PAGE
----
purchases neighbors house
In its effort to work with neighbors who are affected by contaminated
groundwater, YSI Incorporated recently purchased the home of neighbors
who wanted to move and feared the loss of property value.
It seemed like the right thing to do, said Lisa Abel, YSI
Incorporated leader of sustainability strategies. Weve been
saying to neighbors that were willing to work with individual property
owners to try to find resolution. This was something we could do to help
The home, formerly owned by Michael and Drusilla Henry, is located adjacent
to the YSI property at 650 Golden Willow, in the Willow Field subdivision
on the south edge of town. The company paid $225,000 for the four-bedroom
house, which the Henrys built five years ago. The sale was closed on Oct.
The Henrys, who moved to Springfield Township in November, feel positive
about their relationship with YSI and the process involved in selling
YSI should be applauded for their efforts, Michael Henry said.
It was a wonderful company to work with. They treated us very well
and we feel satisfied.
In the spring of 2001, the Ohio Environmental Protection Agency found
pollution in the wells of several YSI neighbors, including that of the
Henrys, and in unused wells on the company property. That discovery sparked
a year-and-a-half long investigation by YSI and the Ohio EPA, as well
as the filing of a lawsuit by three neighbors. Although the company initially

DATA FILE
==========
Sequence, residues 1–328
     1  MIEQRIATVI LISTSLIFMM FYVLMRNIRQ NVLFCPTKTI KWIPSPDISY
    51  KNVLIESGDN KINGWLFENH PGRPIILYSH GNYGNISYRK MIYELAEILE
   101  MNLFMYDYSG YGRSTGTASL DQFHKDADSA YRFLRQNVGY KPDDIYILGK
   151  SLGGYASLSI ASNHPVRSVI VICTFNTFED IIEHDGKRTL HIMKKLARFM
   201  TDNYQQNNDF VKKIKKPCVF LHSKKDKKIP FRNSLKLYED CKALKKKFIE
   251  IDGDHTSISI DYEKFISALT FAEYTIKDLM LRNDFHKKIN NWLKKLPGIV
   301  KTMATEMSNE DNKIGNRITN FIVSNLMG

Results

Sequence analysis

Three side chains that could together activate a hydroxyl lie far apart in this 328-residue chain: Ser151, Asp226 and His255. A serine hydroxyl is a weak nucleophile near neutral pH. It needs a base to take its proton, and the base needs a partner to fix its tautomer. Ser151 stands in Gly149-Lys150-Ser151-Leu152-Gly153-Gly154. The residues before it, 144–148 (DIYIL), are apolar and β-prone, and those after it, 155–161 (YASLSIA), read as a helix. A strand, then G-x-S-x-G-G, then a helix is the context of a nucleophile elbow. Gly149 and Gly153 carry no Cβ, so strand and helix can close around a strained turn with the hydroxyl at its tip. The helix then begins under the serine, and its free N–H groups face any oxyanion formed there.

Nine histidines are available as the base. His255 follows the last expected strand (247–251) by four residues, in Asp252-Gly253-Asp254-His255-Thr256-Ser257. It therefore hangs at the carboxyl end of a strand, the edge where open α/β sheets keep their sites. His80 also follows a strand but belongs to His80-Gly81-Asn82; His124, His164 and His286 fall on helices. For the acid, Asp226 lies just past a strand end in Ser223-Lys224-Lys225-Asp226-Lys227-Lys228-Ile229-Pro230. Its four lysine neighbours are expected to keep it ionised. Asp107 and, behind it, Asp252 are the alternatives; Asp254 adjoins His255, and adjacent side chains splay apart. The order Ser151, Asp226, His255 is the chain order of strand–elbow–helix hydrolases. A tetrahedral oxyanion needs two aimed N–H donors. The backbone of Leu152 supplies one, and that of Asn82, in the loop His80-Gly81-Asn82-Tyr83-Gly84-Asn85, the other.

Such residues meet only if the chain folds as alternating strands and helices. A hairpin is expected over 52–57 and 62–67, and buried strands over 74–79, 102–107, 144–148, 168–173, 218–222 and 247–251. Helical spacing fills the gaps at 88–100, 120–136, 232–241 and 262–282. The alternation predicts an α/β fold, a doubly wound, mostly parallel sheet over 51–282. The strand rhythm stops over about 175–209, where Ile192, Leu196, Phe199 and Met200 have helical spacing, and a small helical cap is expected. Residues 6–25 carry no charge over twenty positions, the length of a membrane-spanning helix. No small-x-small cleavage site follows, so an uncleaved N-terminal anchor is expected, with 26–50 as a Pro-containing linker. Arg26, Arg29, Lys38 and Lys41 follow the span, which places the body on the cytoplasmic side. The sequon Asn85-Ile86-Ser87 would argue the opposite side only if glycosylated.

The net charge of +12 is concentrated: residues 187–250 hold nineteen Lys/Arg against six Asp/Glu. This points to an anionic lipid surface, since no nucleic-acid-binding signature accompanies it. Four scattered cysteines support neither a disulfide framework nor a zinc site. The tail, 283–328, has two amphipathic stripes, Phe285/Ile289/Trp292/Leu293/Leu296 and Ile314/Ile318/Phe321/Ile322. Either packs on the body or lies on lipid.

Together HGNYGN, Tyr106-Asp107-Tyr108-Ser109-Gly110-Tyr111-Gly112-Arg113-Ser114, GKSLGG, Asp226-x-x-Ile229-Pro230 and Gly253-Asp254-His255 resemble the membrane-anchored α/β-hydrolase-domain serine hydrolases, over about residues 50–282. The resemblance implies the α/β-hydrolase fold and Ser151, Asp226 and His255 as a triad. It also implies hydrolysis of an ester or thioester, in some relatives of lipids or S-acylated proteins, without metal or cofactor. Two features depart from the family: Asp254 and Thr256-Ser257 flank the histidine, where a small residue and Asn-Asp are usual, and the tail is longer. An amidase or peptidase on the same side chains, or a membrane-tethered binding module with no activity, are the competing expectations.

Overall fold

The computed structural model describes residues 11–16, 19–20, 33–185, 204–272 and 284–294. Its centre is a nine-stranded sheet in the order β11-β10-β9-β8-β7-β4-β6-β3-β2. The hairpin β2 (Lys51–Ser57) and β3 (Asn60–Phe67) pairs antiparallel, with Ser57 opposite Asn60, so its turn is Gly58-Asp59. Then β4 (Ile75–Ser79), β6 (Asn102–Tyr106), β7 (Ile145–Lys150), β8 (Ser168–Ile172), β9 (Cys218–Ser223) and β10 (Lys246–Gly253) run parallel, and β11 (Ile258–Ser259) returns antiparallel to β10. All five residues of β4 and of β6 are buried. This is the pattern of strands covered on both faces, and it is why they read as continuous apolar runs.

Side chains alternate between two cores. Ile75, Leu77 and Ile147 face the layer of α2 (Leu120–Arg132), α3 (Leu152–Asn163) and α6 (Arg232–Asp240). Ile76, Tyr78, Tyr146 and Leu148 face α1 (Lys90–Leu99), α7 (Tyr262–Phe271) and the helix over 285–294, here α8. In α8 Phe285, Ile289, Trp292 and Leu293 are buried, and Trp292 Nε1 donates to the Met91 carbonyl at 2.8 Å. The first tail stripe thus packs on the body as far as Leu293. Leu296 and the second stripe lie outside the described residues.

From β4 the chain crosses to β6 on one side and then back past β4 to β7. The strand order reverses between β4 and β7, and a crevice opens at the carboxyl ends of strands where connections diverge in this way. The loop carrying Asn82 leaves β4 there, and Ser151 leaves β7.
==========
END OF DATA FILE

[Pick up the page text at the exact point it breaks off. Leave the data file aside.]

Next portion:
did not know the source of the contamination, YSI officials discovered
last year that several employees had improperly disposed of hazardous
wastes on the companys property.
Since the pollution was discovered, YSI officials have sought to address
the problem openly, former YSI CEO Malte vonMatthiessen said in a recent
interview. Along with providing information on the investigation to the
public, the company sponsored a collaborative process, facilitated by
The ARIA Group, which sought a solution with community input, he said.
That process continues.
The company also paid the Village $250,000 to connect 18 of its neighbors,
who are outside village limits, with Village water. The neighbors
homes were connected to Village water lines in December, Abel said.
The Henrys were a part of the collaborative process until last June, when
they talked to Jay Rothman of The ARIA Group about their desire to sell
their house, and their fears that they would be unable to do so due to
the groundwater contamination, Abel said. The couple had discussed selling
their house before the contamination became known, said Henry, but the
pollution contributed to their desire to move.
It was an interesting process, Abel said of the discussions
that followed. After the company offered to buy the house, both YSI and
the Henrys hired an appraiser to determine the homes value, and
a third appraiser was chosen by The ARIA group. The three appraisers met
and agreed on a market value price of $225,000.
The negotiations took place last summer, said Abel.
Henry worked primarily with Abel and met occasionally with vonMatthiessen.
Both were fair and professional, Henry said.
It was a rather painful process but she did a marvelous job,
Henry said of Abel.
Henry said he and his wife initially considered filing a lawsuit against
the company due to the contamination but decided against that action.
We didnt feel it was in the best interest of the community
to sue YSI, said Henry, who said he and his wife were concerned about
the financial ramifications on YSI of a lawsuit. We wanted to do
the right thing.
YSI plans to hold on to the house now, and will probably put it up for
sale in the spring, said Abel.